Creating True Capacity & Abundance
Sorry if I sound like a raging capitalist, (I am an entrepreneur after all), but I don’t know of any other method for creating true financial (and time and resource) capacity in a local community than by moms and dads making money in legitimate ways and accumulating assets that they manage. Moms and Dads having real jobs.
Creating a money making venture anywhere is hard. Doing it in an urban slum is crazy hard. But as long as the moms want to keep working and learning (and trust me they do) we will keep helping them figure it out.
At Sew Powerful we have two things happening at the same time:
A Sewing Cooperative in Ngombe (the worst slum in Lusaka) where seamstresses create school uniforms (that the parents pay for) and feminine hygiene supplies (that go in the purses that the donors provide). The seamstresses are paid for their work – giving them a real income – and the dignity of knowing that they are making an impact on their community. This is our CORE activity. It’s hard work.
Donors from around the world create purses that are delivered to the Ngombe Sewing Cooperative. This is partly an awareness / fundraising strategy (let’s be honest) and partly a way to help support and encourage the Ngombe Sewing Cooperative. It is also VERY helpful because the fabric (and time) our world-wide group of seamstresses have to contribute to the project is amazing. Of course we also need financial support. We need YOU and your abundance (and generosity) if this crazy 2-part model is going to work. We also need to encourage and support the Sewing Cooperative by involving you in the effort.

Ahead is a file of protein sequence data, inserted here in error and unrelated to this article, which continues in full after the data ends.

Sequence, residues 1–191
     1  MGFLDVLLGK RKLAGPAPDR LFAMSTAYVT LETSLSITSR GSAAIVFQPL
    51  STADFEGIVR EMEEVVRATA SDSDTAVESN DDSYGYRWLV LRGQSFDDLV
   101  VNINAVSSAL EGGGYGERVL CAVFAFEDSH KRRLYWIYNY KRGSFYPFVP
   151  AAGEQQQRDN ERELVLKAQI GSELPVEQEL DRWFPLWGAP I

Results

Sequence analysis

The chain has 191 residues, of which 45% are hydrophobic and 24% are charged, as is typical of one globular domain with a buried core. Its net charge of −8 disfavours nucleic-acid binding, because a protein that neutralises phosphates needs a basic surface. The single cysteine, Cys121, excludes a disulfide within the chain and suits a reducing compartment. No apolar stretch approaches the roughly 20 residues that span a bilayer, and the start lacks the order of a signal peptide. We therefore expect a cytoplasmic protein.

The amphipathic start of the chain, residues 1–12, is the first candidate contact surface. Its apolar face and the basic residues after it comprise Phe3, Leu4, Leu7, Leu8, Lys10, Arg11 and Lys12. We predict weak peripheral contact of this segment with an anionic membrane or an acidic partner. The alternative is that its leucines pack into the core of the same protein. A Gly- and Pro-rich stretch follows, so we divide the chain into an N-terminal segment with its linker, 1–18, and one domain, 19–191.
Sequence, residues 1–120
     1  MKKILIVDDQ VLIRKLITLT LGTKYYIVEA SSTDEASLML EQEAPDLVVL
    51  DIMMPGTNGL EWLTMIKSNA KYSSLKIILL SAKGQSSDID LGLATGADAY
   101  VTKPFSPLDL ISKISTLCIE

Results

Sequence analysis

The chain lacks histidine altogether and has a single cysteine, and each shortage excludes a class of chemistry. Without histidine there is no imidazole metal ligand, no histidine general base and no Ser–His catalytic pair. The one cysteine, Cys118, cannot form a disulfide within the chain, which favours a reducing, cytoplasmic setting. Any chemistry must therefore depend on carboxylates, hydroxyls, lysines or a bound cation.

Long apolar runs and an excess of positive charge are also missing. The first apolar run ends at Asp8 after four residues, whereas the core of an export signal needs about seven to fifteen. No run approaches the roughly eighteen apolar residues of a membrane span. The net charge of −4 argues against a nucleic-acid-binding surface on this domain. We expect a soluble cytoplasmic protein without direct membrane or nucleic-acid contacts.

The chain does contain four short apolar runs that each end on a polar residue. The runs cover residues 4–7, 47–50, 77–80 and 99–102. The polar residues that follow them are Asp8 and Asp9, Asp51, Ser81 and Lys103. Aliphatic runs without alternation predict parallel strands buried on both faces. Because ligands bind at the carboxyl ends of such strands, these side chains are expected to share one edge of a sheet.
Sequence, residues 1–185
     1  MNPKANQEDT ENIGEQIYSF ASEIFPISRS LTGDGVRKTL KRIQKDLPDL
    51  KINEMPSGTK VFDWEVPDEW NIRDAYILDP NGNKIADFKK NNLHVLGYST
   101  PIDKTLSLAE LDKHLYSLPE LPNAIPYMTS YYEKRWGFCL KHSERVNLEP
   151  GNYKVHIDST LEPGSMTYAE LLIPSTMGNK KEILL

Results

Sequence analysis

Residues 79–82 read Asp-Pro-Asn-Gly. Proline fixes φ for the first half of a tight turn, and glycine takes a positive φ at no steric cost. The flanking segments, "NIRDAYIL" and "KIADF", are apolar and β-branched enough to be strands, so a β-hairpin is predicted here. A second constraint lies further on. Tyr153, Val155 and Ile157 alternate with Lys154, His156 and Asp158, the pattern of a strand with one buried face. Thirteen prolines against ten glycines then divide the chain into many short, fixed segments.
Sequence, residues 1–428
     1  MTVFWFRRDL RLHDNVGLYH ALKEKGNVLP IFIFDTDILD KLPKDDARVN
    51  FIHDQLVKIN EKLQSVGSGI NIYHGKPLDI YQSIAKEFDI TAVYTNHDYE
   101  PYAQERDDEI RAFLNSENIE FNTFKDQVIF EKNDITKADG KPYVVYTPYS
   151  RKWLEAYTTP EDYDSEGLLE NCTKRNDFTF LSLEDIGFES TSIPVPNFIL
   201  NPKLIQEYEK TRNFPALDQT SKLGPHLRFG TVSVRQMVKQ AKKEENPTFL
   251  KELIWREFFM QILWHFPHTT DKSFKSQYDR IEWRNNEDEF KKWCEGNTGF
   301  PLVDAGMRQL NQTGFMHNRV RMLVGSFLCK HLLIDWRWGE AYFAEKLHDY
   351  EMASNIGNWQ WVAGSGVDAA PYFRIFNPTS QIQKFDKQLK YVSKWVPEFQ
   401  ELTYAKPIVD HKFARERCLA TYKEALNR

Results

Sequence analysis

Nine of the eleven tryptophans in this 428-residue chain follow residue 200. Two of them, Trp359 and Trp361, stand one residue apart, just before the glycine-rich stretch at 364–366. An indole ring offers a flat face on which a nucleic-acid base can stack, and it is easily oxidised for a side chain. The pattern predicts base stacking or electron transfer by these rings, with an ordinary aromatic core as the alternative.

Achieving Real Capacity Milestones
In my last post I mentioned that the largest charity in Zambia was eager to sign a 4-year MOU (Memorandum Of Understanding) with Sew Powerful to distribute purses and feminine hygiene supplies to girls in need because the product was coming FROM Ngombe.
They had NEVER heard of donations coming OUT of Ngombe – and they wanted to learn more. Even after several conversations they still thought we going to somehow ask THEM to give us something. When we explained WE where going to give THEM something (of value) they were shocked! Imagine…
A tiny little sewing cooperative in the worst slum in Zambia giving over $30,000 worth of purses and feminine hygiene supplies to the largest charity in the country for use that their program sites. Imagine their shock!
But this isn’t the only capacity milestone we’ve achieved together. Before this large milestone, we also…
#1 – Created school uniforms for over 1,200 current students and well over 2,000 students in total.
#2 – Provided 500 purses and feminine hygiene supplies to the girls of the Needs Care school.
#3 – Regularly distributed clothing to rural schools (Susu Village).
If you’re still reading this then you are a TRUE saint – amazing partner – and friend. We are so incredibly blessed and honored to work with each of you. We are making a difference together. Learning how to serve – and doing our best to effectively use the resources we’ve been given.
Jason, Cinnamon, Esther & the entire board of Sew Powerful